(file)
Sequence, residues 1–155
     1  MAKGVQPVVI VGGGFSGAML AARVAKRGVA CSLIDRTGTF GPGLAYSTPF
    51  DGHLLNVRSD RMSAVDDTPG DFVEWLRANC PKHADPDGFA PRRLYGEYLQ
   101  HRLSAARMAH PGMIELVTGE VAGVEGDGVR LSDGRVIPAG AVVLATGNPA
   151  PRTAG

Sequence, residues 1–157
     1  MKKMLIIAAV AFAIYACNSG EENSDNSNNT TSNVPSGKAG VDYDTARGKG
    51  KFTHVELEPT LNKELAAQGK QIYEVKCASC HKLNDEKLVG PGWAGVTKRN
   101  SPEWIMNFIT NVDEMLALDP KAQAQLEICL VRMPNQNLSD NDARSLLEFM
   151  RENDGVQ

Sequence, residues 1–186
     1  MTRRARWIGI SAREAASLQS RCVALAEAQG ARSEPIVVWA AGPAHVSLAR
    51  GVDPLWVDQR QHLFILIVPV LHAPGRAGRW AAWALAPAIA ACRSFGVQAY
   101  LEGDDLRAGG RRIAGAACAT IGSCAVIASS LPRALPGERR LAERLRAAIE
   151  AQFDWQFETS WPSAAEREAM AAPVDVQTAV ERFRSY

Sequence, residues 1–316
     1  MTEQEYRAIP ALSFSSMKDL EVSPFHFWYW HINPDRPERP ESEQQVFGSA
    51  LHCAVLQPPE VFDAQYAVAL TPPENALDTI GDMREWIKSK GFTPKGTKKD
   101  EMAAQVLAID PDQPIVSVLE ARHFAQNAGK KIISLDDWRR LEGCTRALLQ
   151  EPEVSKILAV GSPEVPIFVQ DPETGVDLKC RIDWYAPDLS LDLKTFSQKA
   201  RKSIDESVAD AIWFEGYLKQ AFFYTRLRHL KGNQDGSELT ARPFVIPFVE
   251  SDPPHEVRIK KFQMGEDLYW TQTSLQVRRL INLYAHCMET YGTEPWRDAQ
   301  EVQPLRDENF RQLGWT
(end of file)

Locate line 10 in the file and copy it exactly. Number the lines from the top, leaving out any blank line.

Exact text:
   151  RENDGVQ